Restoring traditional rainwater harvesting infrastructure to boost island resilience

Communities on islands with mass-tourism, like Santorini, rely on vast quantities of water to develop the local economy. Today’s inhabitants of Santorini have largely abandoned the traditional cisterns that were used to sustain the island’s pre-modern civilizations in favor of water obtained from energy-intensive desalinization, ship deliveries, and well withdrawals.

In June of 2016, Cornell University researchers worked with the Water and Sewage Authority of Thera (DEYATH) to assess the viability of improving sustainability and water efficiency by restoring traditional rainwater harvesting and storage cisterns.

The team surveyed five cisterns, held meetings with water authority staff and mayoral leadership, conducted interviews with local tourism stakeholders, and coordinated with Global Water Partnership-Mediterranean.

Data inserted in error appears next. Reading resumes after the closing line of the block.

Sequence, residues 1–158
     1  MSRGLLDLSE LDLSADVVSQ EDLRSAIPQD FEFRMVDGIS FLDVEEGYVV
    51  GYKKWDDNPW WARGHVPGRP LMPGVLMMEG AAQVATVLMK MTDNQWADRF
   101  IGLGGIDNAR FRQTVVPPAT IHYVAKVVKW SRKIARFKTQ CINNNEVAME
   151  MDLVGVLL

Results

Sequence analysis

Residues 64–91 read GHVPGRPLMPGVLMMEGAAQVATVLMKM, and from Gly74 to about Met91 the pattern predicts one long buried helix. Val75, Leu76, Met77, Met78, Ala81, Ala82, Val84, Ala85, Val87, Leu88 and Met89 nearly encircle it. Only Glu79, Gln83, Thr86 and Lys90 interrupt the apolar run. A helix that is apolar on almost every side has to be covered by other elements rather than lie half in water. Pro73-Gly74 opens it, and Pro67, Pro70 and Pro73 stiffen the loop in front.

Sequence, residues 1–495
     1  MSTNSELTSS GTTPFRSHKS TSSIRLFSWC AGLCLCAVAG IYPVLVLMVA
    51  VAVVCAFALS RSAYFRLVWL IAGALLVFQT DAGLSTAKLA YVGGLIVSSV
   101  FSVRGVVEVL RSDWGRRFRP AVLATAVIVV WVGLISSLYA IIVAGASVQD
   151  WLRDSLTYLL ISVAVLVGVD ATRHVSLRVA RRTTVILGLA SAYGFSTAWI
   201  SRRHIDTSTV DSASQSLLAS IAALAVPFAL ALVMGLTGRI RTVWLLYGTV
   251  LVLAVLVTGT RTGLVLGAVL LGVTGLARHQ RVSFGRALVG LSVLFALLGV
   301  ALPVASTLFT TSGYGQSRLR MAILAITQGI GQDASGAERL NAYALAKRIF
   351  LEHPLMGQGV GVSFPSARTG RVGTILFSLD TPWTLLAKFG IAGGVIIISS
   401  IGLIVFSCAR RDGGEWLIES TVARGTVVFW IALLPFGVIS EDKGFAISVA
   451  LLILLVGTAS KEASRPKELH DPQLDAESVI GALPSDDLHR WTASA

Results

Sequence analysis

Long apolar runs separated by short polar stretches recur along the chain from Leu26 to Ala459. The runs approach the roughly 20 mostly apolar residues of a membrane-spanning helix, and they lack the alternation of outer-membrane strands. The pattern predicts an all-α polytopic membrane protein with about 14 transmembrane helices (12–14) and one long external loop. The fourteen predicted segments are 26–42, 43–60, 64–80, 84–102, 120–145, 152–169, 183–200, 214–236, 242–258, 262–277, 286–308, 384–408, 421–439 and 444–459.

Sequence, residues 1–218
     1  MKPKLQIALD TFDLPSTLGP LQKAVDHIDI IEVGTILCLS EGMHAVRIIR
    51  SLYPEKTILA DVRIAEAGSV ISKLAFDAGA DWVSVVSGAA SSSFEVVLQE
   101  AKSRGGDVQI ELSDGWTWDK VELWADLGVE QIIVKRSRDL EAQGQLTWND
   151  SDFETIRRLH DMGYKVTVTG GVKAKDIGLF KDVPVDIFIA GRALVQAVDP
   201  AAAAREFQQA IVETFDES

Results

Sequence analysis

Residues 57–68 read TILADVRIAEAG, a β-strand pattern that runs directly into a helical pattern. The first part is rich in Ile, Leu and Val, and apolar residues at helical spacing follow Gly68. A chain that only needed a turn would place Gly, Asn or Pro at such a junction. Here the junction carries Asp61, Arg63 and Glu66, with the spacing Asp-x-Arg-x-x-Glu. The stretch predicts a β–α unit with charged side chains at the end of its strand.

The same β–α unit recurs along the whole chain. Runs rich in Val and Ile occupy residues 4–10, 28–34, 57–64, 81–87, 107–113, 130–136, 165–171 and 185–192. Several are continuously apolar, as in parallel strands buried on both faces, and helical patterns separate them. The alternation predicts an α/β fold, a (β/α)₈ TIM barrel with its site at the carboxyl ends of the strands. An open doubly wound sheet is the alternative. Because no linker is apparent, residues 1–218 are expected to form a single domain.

One conclusion was that cisterns could be rehabilitated as decentralized storage reservoirs and integrated into the island’s centralized water systems, or alternatively, serve as educational and cultural spaces used to communicate the importance of water to residents and tourists.

The research findings highlight how multi-stakeholder partnerships could assist local authorities with developing new water management initiatives to foster more sustainable and resilient models of tourism development.

See paper in WATER by Jared Enriquez, David C. Tipping, Jung-Ju Lee, Abhinav Vijay, Laura Kenny, Susan Chen, Nikolaos Mainas, Gail Holst-Warhaft, and Tammo S. Steenhuis (+ photo credit).

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